While Flour Girl's away
Editor’s note: Flour Girl is on maternity leave, so look for bakers (pro and am) in her usual Thursday morning slot ….
Spend enough time popping batters in the oven and you know that the Little Things make or break baking recipes -- perhaps more than any other kinds of recipes. Cookbook authors have taken to adding ancillary nuggets of necessary info as tips and such, but I’ve picked up just as many techniques along the way merely by scanning the way a pro puts together a classic dessert, such as a chocolate chip cookie, a yellow layer cake or a summer pudding.
Pastry chef-author David Lebovitz’s Passion Fruit Pound Cake has such a nugget, and it has to do with the application of glaze. The recipe’s in his new collection, “Ready for Dessert: My Best Recipes” (Ten Speed), which, after spending 10 minutes with, you’ll want to a) own and/or b) call in sick so you can stay home and bake or make ice cream immediately. His headnotes are as bon-vivant engaging as his Tweets and blog. He proves that it is possible to bake and laugh at the same time. But more importantly, you’ll find that his best recipes are, in fact, your favorites as well.
Lebovitz is solidly among the pantheon of modern bakers. You may remember that Joe Yonan got to spend clafouti time with him in Paris a while back. We ran Lebovitz's caramelized white chocolate ice cream recipe with that article, and when I handed out tester samples in the newsroom I had to beat my colleagues off with a stick.
TLTs of this particular pound cake intrigued me on several counts. Lebovitz dribbles in a cocktail of beaten eggs and vanilla extract instead of the usual one-egg-at-a-time incorporation, and prefers to combine wet and dry ingredients by hand to eliminate the danger of overmixing. Those steps created a pound cake batter unlike many I've tried, but I trusted the recipe. Like the author, I’m a big passion fruit fan; a slab of PF pulp is usually in my freezer. Yet this is a simple pound cake (no “pounds” of anything) flavored with orange zest. The power of passion fruit flavor is used in the glaze.
And that glaze is just a mix of strained pulp and sugar. Lebovitz specifically directs us not to let the sugar dissolve. This is a TLT with benefits: The glaze stays thick. We’re directed to poke holes all the way to the bottom of the still-warm cake: “about 50 times.” More TLT love: Not a few holes, no guesswork about what the baker had in mind. The surface will look like it's been sprayed with buckshot, but the thick glaze will fill in those holes. Not to worry. The glaze must be applied to all sides, including the bottom. There's exactly enough glaze to do the job. Love that.
The result: a pound cake with a crumb sturdy enough to withstand the glaze, with a subtle citrus flavor inside and the sweet-tart smack of passion fruit on the outside – the last taste that lingers due to a slight sugary crispness. Magic.
Which Little Things have you learned from expert bakers and their classic recipes? I may have an extra copy of "Ready for Dessert" to give away....
-- Bonnie Benwick
Passion Fruit Pound Cake
Makes one 9-inch loaf (10 servings)
Serve slices plain or with fresh fruit.
MAKE AHEAD: The cake can be loosely wrapped in plastic wrap and stored for a few days at room temperature. Adapted from Lebovitz's "Ready for Dessert: My Favorite Recipes" (Ten Speed Press, 2010).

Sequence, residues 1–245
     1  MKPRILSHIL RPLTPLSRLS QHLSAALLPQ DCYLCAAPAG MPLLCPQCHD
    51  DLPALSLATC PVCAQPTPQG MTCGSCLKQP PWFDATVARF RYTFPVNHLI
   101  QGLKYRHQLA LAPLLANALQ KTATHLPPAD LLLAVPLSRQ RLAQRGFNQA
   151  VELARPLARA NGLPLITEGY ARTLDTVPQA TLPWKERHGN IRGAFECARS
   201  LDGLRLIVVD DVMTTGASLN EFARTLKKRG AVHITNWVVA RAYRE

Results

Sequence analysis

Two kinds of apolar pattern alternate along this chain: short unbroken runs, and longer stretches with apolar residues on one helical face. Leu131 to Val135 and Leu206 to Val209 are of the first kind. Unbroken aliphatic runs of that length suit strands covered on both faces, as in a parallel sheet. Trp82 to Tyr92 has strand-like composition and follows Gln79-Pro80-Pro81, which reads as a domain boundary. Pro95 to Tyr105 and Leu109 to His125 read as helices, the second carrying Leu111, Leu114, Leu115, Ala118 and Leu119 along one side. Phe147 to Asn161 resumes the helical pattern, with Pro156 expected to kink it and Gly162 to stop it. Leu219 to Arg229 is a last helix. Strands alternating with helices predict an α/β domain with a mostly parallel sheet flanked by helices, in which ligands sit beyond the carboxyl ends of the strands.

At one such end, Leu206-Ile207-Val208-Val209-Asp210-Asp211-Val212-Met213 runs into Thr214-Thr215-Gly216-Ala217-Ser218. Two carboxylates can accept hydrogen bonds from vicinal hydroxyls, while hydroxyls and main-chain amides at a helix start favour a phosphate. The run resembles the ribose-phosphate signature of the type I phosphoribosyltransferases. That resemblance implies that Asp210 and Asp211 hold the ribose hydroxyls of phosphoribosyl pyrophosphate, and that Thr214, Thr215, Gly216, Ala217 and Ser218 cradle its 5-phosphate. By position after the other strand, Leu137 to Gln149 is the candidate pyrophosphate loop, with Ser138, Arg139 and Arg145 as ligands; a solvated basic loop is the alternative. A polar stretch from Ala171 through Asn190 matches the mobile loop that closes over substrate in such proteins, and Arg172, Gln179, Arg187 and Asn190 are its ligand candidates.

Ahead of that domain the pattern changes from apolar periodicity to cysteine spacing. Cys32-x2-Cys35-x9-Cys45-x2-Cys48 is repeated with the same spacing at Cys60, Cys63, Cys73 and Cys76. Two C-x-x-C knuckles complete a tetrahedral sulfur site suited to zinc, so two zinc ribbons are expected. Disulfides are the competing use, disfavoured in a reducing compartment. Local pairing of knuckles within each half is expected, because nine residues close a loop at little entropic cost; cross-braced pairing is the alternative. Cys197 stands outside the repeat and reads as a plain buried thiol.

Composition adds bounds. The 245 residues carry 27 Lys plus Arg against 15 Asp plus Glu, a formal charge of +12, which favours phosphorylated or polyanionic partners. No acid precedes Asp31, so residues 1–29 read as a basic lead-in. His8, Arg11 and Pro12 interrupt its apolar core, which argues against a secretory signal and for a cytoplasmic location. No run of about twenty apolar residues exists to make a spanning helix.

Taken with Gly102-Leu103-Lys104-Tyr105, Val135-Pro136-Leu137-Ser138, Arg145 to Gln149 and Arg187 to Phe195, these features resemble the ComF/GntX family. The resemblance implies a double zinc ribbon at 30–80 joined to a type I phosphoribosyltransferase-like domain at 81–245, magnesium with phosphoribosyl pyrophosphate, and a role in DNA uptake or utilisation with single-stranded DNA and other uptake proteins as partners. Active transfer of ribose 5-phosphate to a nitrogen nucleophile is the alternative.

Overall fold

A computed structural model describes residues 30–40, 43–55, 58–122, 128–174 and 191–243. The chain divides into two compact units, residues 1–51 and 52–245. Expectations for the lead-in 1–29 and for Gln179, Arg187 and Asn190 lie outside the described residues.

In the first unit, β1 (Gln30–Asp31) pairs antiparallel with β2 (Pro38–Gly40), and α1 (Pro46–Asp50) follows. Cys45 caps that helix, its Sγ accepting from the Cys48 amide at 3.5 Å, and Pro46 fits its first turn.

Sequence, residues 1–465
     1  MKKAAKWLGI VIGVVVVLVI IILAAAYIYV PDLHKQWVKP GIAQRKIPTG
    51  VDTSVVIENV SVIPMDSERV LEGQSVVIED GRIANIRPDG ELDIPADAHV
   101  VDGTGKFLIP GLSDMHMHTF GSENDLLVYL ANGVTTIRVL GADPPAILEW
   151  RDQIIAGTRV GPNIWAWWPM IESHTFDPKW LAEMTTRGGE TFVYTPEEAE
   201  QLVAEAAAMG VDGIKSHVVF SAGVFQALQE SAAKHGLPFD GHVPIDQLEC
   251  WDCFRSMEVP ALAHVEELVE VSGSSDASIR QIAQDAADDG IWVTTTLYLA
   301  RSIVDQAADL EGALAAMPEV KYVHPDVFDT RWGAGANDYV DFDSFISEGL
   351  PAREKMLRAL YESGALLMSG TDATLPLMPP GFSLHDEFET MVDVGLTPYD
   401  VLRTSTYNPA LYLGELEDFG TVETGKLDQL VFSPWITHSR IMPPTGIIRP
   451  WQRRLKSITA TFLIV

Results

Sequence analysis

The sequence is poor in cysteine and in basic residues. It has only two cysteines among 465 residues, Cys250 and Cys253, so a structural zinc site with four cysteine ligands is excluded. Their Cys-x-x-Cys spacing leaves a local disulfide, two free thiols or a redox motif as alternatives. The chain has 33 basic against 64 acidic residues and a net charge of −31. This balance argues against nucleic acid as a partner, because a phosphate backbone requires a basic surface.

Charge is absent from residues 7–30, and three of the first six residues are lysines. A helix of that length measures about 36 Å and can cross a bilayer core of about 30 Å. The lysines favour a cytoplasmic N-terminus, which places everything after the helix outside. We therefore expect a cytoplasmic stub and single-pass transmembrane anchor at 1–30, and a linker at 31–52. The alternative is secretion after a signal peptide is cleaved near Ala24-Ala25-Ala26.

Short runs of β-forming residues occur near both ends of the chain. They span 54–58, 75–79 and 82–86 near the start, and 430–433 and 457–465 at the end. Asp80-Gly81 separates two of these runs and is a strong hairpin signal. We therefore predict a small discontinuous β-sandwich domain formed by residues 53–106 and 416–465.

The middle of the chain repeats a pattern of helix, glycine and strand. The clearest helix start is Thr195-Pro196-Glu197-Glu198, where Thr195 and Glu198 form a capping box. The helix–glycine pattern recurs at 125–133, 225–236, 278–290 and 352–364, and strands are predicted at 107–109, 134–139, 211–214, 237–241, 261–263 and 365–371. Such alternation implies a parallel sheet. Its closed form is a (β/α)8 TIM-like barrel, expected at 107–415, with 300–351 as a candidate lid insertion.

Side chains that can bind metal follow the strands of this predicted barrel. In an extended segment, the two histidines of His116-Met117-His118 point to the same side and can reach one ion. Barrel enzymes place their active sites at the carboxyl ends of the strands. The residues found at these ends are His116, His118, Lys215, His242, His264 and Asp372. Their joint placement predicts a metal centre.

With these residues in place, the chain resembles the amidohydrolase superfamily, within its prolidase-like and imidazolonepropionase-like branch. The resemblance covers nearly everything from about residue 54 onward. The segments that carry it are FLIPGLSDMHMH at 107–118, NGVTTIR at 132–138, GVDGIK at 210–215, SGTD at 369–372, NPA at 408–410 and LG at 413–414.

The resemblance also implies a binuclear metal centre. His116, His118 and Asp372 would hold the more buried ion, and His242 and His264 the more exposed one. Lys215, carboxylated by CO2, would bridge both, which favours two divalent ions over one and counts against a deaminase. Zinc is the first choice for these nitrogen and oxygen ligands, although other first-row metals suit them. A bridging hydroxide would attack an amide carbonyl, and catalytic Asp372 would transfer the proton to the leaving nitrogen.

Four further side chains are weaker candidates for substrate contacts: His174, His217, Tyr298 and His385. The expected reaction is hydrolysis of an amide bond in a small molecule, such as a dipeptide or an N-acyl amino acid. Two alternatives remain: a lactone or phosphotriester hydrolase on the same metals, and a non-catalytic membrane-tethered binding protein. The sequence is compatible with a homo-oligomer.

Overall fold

For the cake
12 tablespoons (1 1/2 sticks) unsalted butter, plus more for the pan
1 1/2 cups flour, plus more for the pan
1 teaspoon baking powder
1/4 teaspoon salt
1 cup sugar
Finely grated zest of 2 oranges, preferably organic (about 4 teaspoons)
3 large eggs, at room temperature
1 teaspoon vanilla extract
For the glaze
1/2 cup strained passion fruit pulp (from about 6 passion fruits) or store-bought pulp, defrosted
1/3 cup sugar
For the cake: Preheat the oven to 350 degrees. Use a little butter to grease the inside of a 9-inch loaf pan. Dust the inside of the pan lightly with flour, tapping out any excess. Line the bottom with a rectangle of parchment paper.
Whisk together the 1 1/2 cups of flour, the baking powder and salt in a medium bowl.
Combine the cup of sugar, the 12 tablespoons of butter and the orange zest in the bowl of a stand mixer or hand-held electric mixer. Beat on medium speed for 3 to 5 minutes, until light and fluffy.
Meanwhile, beat the eggs and vanilla together in a small bowl, then dribble the mixture into the bowl while the mixer is running, making sure it is completely incorporated. (The mixture will look curdled; that’s okay.) Remove the bowl from the mixer.
Use a flexible spatula to stir in the flour mixture until just combined; do not overmix. Scrape the batter into the loaf pan and smooth the top. Bake for 55 minutes to 1 hour, until a toothpick inserted into the center of the cake comes out clean. Run a round-edge knife around the inside edges to loosen the cake, then invert to remove the parchment paper on the bottom. Turn the cake right side up on a plate. Let cool about 15 minutes while you make the glaze.
For the glaze: Place the strained pulp/puree in a liquid measuring cup. Gently stir in the sugar, being careful not to let it dissolve (the mixture will be a little grainy).
Use a wooden skewer to poke 50 holes in the top of the cake, all the way through to the bottom. Spoon half of the glaze evenly over the top of the cake, then turn the cake on each of its sides, spooning the remaining glaze to coat the cake evenly. Use any glaze that collects on the plate to coat the bottom of the cake.
Cut the cooled cake into slices.
Per serving: 320 calories, 4 g protein, 42 g carbohydrates, 15 g fat, 9 g saturated fat, 100 mg cholesterol, 130 mg sodium, 0 g dietary fiber, 27 g sugar
The Food Section
April 15, 2010; 7:00 AM ET
Categories: Books , Flour Girl , Recipes | Tags: Bonnie Benwick, David Lebovitz, Flour Girl, cookbooks, recipes
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